Tartariae sive magni Chami regni typus.- #2227


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DATE: 1584.

MAP MAKER: Abraham Ortelius.

SIZE: 18 11/16" X 13 3/4".

PRICE: $1700.00

 

Abraham Ortelius; 1528-1598.

Ortelius name is often associated with Ptolemy and Mercator, when evocating the founding fathers of cartography.
Abaham Ortel (Ortelius), born in Antwerp, trained in classics and math. He became a book dealer and a map colorist.
Widely traveling to attend fairs, he befriended many literati, in his homeland and abroad. Upon their encouragement, he engaged in 1570 in the "Theatrum Orbis Terrarum" project, by collecting maps, charts and plans among diverse cartographers, and having Frans Hogenberg* re-engrave them in the same uniform size and style, to form the first known modern Atlas (even though this term was not used for another twenty years,. by his major competitor: Gerard Mercator!).
The Theatrum knew an immediate and lasting success, being re-issued many times over in different languages. It always gave credit to the sources of information and other contributors used to produce the maps (a practice few followed in those days.).
Of note: the 42 editions of the "Theatrum" between 1570 and 1612, the 1577 "Spiegel der Werelt" (reduced version of the Theatrum engraved by Philippe Galle, issued till 1585); and the 1579 "Parergon Theatri" (historical atlas, reissued till 1624).

*Hogenberg associated with Georg Braun, was famous for their 1572 "Civitates orbis terrarum", a compilation of plans of the most significant towns of the time, being recycled many times till 1750 by Abraham Hogenberg, Frederick de Wit, Pieter van der Aa, Covens & Mortier.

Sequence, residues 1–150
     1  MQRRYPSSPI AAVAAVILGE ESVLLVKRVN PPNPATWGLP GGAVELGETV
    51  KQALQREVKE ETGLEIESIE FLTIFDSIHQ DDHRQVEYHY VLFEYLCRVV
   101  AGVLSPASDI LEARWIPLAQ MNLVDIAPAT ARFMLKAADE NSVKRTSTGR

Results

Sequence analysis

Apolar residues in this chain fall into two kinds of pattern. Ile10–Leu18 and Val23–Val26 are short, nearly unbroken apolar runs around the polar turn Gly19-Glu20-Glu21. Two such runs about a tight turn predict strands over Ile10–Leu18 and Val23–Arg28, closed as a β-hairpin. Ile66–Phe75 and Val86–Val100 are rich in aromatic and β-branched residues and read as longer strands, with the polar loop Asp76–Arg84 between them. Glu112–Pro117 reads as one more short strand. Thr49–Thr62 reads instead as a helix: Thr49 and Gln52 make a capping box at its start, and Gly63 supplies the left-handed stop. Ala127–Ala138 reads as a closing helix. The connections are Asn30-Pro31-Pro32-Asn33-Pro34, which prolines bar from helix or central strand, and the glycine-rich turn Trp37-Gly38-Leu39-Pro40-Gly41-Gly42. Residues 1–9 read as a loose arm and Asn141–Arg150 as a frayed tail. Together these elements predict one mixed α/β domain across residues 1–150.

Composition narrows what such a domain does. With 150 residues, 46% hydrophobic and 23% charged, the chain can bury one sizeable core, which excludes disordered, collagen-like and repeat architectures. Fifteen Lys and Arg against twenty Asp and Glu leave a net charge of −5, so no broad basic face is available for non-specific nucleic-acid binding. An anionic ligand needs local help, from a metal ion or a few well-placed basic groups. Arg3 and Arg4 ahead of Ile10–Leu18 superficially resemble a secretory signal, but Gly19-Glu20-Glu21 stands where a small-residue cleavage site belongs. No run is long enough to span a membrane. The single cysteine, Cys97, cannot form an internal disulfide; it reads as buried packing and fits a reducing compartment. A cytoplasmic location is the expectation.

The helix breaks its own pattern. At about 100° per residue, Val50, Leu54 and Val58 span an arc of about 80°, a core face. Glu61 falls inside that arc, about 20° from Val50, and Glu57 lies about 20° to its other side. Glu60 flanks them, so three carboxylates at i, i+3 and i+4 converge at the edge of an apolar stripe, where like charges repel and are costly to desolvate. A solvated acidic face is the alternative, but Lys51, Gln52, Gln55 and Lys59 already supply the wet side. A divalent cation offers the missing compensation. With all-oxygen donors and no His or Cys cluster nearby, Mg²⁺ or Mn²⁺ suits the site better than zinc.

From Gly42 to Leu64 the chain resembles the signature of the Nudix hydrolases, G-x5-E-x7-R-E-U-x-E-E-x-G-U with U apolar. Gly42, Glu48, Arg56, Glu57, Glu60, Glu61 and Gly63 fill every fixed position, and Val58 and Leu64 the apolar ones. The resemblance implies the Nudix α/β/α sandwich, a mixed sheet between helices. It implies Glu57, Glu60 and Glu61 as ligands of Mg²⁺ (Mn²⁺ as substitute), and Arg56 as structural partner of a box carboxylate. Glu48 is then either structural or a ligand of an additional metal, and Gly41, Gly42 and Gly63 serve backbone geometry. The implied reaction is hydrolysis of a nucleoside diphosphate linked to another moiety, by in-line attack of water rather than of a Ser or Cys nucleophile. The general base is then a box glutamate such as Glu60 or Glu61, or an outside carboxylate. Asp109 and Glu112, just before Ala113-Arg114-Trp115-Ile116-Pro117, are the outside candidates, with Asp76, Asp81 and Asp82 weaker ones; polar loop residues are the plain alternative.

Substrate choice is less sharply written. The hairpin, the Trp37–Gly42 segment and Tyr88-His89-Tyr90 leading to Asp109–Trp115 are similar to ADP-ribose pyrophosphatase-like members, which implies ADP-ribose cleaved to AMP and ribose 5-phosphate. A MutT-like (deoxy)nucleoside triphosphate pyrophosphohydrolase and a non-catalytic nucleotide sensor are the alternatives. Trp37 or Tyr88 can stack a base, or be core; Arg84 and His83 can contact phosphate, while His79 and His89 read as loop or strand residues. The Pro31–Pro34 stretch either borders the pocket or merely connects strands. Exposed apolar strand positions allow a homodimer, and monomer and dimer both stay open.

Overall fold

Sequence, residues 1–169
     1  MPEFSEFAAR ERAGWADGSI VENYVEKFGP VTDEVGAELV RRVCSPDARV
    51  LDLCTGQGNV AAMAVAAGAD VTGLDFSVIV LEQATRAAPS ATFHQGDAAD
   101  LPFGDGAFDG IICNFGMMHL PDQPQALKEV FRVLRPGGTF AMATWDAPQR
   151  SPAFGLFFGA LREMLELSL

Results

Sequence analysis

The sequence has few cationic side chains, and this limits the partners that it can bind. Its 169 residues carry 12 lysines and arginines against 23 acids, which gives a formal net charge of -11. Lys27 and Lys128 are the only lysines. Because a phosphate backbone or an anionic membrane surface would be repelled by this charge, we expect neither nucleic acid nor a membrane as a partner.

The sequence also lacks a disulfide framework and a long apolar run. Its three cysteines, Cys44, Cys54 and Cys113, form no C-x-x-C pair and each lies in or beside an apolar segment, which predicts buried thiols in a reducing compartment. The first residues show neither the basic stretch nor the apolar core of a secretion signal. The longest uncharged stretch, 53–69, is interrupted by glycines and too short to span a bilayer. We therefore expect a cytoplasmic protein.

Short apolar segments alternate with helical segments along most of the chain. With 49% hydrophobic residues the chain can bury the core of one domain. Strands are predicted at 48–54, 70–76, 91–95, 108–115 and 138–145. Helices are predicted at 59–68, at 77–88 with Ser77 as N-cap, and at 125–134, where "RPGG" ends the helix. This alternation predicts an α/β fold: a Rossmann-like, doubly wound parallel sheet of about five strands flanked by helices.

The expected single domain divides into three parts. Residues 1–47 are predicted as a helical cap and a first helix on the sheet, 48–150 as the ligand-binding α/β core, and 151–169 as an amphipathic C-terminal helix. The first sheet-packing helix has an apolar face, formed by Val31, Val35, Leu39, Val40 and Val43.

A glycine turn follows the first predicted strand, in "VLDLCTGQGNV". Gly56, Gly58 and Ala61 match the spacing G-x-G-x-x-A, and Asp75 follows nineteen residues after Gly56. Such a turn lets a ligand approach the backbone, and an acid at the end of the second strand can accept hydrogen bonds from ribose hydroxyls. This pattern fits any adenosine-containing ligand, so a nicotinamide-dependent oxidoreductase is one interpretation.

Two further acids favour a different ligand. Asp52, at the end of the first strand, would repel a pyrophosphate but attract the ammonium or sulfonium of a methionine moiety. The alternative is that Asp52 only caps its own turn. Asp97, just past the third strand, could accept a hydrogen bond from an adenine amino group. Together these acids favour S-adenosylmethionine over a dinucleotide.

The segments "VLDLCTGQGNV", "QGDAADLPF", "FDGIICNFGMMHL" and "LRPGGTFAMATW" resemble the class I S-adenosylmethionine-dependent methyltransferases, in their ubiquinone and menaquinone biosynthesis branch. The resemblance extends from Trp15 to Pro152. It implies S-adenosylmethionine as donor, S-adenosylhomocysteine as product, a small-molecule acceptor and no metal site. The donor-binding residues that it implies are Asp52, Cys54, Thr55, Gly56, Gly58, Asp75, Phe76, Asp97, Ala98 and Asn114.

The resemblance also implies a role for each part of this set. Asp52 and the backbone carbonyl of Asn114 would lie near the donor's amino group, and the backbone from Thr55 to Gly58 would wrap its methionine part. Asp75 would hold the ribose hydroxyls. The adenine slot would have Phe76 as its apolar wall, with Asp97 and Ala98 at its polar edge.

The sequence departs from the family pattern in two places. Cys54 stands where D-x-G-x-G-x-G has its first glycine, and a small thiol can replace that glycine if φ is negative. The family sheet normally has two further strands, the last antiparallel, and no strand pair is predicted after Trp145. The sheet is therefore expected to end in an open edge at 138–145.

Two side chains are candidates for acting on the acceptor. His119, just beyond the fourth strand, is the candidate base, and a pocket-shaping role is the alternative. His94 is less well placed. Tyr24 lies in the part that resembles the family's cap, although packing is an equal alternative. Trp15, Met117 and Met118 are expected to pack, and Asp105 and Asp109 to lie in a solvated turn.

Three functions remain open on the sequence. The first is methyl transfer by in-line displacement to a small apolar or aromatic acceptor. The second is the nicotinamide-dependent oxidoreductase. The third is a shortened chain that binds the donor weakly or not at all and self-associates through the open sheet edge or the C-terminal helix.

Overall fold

Tartariae sive magni chami regni typus.

This large map (18 11/16" X 13 ") was designed for the 1570 issue of the Theatrum.
The present item was printed for the 1584 edition of this atlas.
It shows the extent of the Tartar empire of the great Khan, which seems to cover all of present day Siberia and most of central Asia plus northern China.
Besides the interesting cartouches, and vignettes of tartar encampments, sailing ships and monster fish; one must notice the large amount of write ups. The related texts in latin refer to obscure ancient history( ten Hebrew tribes, kingdom of prester John,.), but also mention better known historic facts (such as the failed Tartar invasion of Japan) and historic figures such as Francis I of France, Carlos V of Spain and Marco Polo (Paulo Veneto).
Notice that California is correctly depicted as a peninsula, and also that the great wall of China is not shown, and that the location of most Chinese provinces is quite fantasist.
Curiously, Taiwan (Isola Fermosa) is shown at the wrong latitude of almost 30 instead of the correct 2330', name confusion?
Latin text on verso.

 

 

 

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